Molly McGlone’s research includes the intersection of experimental and popular music as well as the spatial geography of urban music. An Assistant Dean for Advising and lecturer in music at the University of Pennsylvania, Molly is currently documenting music in West Philadelphia micro-cultures by working with a local high school.
"The Sounds of Philadelphia: Examining the Creative Economy in a Post-industrial City"
The sounds of Philadelphia’s clubs, concert halls, and public spaces define a musical diversity at the intersection of taste and the racial dynamics of what sociologist Elijah Anderson calls the cosmopolitan canopy. As a post-industrial city, Philadelphia has struggled with a complex school system whose 6-year high school graduation rate is 63% and one in four residents live in poverty. While the rates of crime have decreased by 20% since Mayor Michael Nutter took office in 2008, the city has seen unemployment rise to 10.9%. Yet the creative economy of the music industry in Philadelphia has become influential in trying to address these social dilemmas.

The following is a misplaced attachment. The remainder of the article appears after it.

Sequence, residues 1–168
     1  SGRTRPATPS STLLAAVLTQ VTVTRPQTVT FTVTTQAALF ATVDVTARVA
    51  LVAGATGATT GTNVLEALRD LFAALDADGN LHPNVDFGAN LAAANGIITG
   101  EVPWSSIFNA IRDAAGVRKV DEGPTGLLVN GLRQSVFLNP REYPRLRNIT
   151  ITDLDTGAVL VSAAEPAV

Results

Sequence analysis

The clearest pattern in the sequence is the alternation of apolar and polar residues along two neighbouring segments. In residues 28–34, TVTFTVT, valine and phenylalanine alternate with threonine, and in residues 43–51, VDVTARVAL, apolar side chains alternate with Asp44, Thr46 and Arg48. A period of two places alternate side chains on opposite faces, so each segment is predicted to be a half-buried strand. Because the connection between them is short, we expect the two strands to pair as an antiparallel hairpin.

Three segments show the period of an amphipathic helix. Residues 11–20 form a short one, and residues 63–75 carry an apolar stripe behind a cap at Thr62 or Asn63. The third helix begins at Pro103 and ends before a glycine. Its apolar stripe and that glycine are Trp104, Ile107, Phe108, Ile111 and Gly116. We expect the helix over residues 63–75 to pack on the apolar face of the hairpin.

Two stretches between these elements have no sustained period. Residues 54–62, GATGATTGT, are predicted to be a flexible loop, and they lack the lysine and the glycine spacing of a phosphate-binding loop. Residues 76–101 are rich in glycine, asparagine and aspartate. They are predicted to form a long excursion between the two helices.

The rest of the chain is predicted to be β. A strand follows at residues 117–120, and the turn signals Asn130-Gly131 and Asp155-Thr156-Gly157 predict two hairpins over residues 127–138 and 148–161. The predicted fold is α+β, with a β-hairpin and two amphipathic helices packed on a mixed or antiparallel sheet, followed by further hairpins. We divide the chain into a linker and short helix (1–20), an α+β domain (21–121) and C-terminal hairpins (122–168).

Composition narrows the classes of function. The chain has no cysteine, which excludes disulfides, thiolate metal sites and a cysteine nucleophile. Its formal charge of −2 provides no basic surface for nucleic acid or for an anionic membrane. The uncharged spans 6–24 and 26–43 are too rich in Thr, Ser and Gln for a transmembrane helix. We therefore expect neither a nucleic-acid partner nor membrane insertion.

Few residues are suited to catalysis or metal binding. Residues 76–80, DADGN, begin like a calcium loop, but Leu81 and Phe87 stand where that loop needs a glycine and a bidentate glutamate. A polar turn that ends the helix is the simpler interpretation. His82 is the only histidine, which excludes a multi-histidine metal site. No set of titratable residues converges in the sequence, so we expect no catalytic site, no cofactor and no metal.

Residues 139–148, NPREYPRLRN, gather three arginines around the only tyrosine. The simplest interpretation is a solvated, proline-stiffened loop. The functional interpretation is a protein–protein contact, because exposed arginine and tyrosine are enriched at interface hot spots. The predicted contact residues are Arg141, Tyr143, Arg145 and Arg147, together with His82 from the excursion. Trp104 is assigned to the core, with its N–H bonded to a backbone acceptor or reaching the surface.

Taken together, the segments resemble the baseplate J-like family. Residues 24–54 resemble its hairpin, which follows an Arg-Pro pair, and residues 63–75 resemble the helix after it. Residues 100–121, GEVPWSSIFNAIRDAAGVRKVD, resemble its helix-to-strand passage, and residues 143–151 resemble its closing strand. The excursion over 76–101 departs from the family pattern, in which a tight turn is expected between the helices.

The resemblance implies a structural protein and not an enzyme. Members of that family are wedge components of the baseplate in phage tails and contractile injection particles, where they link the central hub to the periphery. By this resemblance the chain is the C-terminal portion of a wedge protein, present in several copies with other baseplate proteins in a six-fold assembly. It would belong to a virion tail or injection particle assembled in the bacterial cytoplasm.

This paper will examine a few of the strategies that are being used across the city to enhance the musical, and by extension everyday, life of young people. These range from large popular concert venues like The Electric Factory sponsoring their local, low-income high school arts programs, to the philanthropic Knight Foundation supporting a free opera screening in the park, to the new Play on, Philly! after-school music program in West Philadelphia, which is largely run by graduates of the Curtis Institute for Music. By examining the musical sounds of Philadelphia that arise from the efforts of philanthropic and cultural producers, we begin to answer fundamental questions about the role of music and art in trying to save cities from post-industrial decline.